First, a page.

While Microsoft CEO Satya Nadella forges ahead with a mobile and cloud-first strategy, a growing number of developers are venting their frustration over Visual Basic (VB) support.
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Microsoft has stated it will not bring back the popular programming language, which brought Windows programming to the masses in the early 1990s.
According to an index published on the development language rating site Tiobe.com in July 2014, Visual Basic is the sixth most popular programming language, ahead of seemingly popular languages such as PHP (seventh), SQL (tenth) and Ruby (fourteenth).
In spite of being 12 years old, Visual Basic.Net ranks six places behind the older VB language it replaces, according to the Tiobe Index.
Given the extent to which VB is still used, many people on the Visual Studio UserVoice site have expressed a desire for Microsoft to bring back Visual Basic 6.0, which was dropped when Visual Basic.Net was introduced in 2002.
Others have asked Microsoft to donate the code and intellectual property of Visual Basic to the open-source community to help VB clones such as React OS and Gambas.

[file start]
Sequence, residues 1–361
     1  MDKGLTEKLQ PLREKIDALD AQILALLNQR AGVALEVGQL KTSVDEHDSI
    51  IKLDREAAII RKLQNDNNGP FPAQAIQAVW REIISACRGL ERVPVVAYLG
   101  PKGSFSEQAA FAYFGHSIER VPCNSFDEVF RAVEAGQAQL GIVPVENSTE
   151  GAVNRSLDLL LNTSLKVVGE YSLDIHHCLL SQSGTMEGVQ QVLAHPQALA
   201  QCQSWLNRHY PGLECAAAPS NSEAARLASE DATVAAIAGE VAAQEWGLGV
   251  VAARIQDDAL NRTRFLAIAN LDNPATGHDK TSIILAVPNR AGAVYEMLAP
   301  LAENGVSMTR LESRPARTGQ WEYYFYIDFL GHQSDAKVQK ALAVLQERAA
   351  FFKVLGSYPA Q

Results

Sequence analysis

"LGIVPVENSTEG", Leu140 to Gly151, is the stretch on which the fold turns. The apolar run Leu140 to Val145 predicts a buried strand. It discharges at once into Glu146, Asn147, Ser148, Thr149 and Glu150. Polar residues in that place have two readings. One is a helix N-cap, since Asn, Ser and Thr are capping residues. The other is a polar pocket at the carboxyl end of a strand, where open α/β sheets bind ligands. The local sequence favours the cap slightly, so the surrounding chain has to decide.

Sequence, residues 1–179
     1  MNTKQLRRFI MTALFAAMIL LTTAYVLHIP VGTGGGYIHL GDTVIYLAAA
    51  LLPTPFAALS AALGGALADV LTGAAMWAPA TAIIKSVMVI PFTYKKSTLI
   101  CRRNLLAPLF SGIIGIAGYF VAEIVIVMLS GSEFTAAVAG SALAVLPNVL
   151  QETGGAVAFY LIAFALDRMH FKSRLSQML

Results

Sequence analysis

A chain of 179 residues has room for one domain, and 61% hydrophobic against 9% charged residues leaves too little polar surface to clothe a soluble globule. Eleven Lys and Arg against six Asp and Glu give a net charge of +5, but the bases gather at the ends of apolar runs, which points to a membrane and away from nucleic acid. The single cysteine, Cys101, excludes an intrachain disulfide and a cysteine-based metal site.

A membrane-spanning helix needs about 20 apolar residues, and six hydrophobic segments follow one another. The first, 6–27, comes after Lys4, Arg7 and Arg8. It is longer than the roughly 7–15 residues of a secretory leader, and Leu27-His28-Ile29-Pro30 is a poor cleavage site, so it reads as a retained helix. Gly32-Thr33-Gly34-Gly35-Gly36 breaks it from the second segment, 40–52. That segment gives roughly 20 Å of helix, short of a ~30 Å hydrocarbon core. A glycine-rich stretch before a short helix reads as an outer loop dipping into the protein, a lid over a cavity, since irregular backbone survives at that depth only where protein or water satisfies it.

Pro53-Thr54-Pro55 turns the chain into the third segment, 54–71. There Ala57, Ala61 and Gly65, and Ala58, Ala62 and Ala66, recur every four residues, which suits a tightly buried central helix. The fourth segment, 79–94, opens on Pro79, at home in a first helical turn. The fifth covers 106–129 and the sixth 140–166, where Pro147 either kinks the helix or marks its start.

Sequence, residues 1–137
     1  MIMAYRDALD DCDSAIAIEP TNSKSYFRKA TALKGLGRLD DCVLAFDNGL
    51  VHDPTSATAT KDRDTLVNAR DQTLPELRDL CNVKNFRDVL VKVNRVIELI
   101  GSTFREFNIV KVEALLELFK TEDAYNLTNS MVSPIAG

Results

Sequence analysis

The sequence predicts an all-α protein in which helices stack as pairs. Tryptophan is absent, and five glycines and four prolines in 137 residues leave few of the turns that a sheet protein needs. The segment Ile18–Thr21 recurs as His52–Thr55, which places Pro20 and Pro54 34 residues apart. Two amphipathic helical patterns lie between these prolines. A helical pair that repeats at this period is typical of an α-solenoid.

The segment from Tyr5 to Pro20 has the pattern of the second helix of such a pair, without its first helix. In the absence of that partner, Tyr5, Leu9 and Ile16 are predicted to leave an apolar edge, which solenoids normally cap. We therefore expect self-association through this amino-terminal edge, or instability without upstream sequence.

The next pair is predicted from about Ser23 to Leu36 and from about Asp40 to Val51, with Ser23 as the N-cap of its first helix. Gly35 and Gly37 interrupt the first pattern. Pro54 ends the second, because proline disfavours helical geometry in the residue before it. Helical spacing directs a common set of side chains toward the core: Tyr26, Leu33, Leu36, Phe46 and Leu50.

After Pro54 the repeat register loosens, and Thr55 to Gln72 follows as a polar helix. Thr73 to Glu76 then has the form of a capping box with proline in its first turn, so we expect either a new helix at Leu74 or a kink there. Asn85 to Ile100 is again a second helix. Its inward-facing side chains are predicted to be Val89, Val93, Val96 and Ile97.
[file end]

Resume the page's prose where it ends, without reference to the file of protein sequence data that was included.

More on Visual Basic
Last month, in a forum on the Visual Studio UserVoice site, Paul Yuknewicz, group programme manager for Microsoft Visual Studio Cloud Tools, declined user requests to carry on developing VB. He said Microsoft would be unable to make incremental changes to VB.
Addressing user requests for Microsoft to give VB to the open-source community, Yuknewicz stated: "Even open sourcing the language/runtime wouldn’t solve the fact that VB6 was for a different set of problems."
As Computer Weekly has reported, Nadella has publicly stated he is committed to focusing on the customer. His latest memo to Microsoft’s staff outlines the company’s intention to use analytics to decide how to develop products that meet the needs of these customers. Part of this strategy is likely to involve a major reorganisation of middle management.
Commenting on the Computer Weekly article, one reader, Sten2005, wrote: "Perhaps when that happens, Satya Nadella may reconsider the middle management decision not to either update or open source the VB6 programming language."
In a Facebook message to Nadella, that was reproduced on the Visual Basic 6.0 Superior Code Awards (2014-2015) website, Sten2005 described the decision by Yuknewicz as "shameful". He also said developers could no longer trust Microsoft: "You clearly will drop any development tools with no regard for the developers who have invested in them."